With BJP elevated to King Maker’s status in Jammu and Kashmir post elections, it failed to make inroads in Kashmir valley. But with 23 per cent vote share BJP’s march past Pir Panjal cannot be ignored for long. Safwat Zargar reports the party’s performance in recently held state assembly elections
Little impact of BJP was expected in the restive state of Jammu and Kashmir when Narendra Modi was sworn-in as 15th Prime Minister of India after winning a full majority in May 2014. The “Modi-wave” that had swept electorate throughout India even reached J&K but didn’t cross Pir Panchal. Months later in office, the notion that Modi and his party are “no-worrying factor” in J&K’s state politics was a miscalculation almost every regional party in J&K made.
Every regional party, be it – NC or PDP and even lately Congress – propped up BJP’s “communal image” during campaigning to create a “negative” image of BJP in the minds of electorate. But at the end of 2014, same parties are weighing pros and cons of seeking BJP’s support in forming the next term of six-year government in the state.
Speculations had long before suggested BJP’s “Mission 44+” a dream near to impossible but not many had expected the regional mandate after Hindu vote consolidation would yield BJP 25 seats, and that too, from only one region of the state – Jammu. On December 23, when the results were out, the trends showed BJP leading in as many as 28 seats but by late evening, the number slightly fell and stayed at 25. While the party performed disastrously in Kashmir valley except in Habba Kadal where its candidate Moti Kaul was first runner-up with a gap of 2359 votes against NC’s Shameema Firdous, only Lal was among the 34 candidates pitched by the party in Kashmir, who managed to save his deposits.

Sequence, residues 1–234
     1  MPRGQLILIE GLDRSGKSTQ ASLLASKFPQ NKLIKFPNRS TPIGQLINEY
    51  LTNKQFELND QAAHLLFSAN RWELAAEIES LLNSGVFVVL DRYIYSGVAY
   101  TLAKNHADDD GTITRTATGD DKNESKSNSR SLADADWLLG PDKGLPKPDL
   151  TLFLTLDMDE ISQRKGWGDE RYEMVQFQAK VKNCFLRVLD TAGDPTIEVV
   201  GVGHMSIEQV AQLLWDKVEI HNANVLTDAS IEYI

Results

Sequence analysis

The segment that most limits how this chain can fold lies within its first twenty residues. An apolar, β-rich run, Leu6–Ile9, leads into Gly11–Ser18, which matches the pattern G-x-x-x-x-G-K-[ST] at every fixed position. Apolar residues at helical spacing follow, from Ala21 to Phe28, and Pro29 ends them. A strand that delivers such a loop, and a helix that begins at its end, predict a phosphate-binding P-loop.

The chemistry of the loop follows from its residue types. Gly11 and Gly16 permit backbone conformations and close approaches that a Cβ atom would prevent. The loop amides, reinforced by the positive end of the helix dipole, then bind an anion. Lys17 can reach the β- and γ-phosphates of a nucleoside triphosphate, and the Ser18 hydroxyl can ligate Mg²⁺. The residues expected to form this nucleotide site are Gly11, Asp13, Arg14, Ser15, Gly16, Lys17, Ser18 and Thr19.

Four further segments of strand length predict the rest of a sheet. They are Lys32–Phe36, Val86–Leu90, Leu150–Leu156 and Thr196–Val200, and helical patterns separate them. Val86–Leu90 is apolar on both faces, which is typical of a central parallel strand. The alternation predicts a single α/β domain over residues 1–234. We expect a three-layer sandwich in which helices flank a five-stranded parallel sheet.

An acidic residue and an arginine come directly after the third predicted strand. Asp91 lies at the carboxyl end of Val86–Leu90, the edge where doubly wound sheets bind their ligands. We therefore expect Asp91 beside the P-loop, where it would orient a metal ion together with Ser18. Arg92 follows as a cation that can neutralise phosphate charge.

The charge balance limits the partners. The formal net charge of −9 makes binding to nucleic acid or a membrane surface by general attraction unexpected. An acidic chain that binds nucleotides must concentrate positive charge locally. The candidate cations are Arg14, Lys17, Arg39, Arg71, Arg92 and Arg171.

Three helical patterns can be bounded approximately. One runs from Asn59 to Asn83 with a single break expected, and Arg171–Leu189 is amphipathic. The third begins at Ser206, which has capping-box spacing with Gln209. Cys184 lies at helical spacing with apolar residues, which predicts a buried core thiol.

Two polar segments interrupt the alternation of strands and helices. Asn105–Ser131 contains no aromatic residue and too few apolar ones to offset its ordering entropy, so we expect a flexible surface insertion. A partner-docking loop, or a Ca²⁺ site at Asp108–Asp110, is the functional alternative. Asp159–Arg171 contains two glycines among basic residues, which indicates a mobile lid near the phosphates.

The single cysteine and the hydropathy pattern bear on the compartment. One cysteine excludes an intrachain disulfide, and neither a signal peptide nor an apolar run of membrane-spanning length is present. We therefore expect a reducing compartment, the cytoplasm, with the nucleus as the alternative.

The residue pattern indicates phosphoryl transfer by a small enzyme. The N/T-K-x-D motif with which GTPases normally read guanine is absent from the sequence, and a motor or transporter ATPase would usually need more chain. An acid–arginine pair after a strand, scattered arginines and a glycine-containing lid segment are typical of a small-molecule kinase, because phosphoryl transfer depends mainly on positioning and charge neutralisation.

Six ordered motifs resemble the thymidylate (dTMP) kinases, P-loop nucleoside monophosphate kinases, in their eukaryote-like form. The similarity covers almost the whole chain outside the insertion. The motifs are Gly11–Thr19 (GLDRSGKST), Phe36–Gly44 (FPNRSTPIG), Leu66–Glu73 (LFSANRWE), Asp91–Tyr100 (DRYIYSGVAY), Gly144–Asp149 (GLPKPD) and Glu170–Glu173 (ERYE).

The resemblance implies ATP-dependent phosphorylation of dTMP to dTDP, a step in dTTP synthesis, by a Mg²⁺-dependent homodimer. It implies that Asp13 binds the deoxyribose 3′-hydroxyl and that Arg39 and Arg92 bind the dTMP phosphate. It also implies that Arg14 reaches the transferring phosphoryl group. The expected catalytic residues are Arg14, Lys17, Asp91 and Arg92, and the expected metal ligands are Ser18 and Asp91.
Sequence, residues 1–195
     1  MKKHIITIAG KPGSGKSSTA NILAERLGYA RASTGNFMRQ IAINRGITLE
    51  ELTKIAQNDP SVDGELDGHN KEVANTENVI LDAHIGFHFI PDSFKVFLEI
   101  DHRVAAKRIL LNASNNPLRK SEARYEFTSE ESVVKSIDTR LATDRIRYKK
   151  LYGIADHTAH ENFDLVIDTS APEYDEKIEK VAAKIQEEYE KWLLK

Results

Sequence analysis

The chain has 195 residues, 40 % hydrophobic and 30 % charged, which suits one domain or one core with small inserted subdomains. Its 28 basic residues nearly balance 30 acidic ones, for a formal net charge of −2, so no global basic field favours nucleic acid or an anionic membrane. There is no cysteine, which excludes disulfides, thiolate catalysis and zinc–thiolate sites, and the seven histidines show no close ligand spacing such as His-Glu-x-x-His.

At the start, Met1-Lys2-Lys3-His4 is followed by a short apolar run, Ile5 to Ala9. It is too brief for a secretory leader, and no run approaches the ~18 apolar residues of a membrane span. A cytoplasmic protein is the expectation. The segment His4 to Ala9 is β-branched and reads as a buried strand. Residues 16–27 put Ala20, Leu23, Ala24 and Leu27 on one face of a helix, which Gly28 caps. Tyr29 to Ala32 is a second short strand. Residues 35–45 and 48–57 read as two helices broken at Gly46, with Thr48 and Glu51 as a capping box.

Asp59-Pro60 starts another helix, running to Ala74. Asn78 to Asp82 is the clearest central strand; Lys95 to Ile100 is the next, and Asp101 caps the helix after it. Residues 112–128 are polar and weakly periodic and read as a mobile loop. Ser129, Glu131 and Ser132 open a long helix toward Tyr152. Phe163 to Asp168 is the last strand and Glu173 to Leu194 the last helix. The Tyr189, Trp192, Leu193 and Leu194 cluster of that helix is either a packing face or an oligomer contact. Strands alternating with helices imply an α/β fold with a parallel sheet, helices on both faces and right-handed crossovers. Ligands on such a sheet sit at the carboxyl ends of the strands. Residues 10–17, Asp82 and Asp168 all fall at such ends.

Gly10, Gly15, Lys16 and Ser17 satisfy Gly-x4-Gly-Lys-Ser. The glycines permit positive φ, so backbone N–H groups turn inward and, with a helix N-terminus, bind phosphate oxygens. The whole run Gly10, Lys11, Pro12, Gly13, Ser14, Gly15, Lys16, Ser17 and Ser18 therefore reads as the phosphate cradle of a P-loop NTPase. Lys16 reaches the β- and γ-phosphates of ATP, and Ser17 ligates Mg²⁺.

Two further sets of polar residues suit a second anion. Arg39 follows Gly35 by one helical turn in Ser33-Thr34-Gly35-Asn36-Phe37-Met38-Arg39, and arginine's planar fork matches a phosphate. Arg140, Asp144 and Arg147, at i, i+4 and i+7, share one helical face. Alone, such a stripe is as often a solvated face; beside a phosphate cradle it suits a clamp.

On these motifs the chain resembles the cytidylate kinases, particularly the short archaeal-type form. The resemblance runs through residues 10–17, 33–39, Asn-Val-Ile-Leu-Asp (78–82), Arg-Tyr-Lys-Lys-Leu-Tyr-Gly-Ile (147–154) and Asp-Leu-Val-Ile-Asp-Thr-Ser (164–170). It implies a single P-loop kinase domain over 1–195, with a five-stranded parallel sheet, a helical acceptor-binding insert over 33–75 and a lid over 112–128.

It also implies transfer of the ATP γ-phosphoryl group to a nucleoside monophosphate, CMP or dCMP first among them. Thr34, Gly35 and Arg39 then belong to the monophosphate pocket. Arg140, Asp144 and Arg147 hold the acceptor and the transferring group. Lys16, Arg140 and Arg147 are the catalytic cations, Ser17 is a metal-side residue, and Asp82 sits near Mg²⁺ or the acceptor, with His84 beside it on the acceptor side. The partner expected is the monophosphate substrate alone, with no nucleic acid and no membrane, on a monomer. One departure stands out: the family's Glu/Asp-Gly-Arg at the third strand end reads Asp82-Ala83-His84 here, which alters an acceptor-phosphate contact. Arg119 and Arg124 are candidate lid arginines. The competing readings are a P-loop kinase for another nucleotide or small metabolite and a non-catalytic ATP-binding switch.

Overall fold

Despite failure in Kashmir, Hindu rightwing BJP had a number of reasons to celebrate after the results. The party has been able to make inroads in Muslim dominated belt of Chenab valley where it won four seats out of six. The belt considered to be the home ground for senior Congress leader and former chief minister Ghulam Nabi Azad had voted overwhelmingly in favour of Congress in 2008 polls, sending its five MLAs to the assembly. In Muslim majority Pir Panchal’s strip of seven seats – Surankote, Mendhar, Poonch-Haveli, Nowshera, Darhal, Kalakote and Rajouri – BJP wrestled two seats, Kalakote and Nowshera.
With BJP clinching 25 out of 37 seats in Jammu, the results have thrown many challenges not only for the highest seat-getter PDP with 28 seats, but also for the less scoring parties like National Conference and erstwhile Jammu-dominating Congress. As the apprehensions of anti-incumbency wave storming NC and Congress was guessed much earlier, “change” proscribing PDP also failed to impress the Jammu voter. With BJP’s win, Congress is the most severely hit party, followed by NC.
Notwithstanding the demands of J&K’s division into two separate states by some Hindu-rightwing groups, the fractured mandate of 2014 has in fact provided a representational ground for these groups to make their demand more vocal. An incisive reading of the electoral results by regional parties points out towards the dilemma of not only forming the government, but also at the regional balance, precisely, a reason for present political gridlock in the state. Another facet of BJP’s victory is the visibility of the soft-spoken regional and identity divide between Jammu and Kashmir.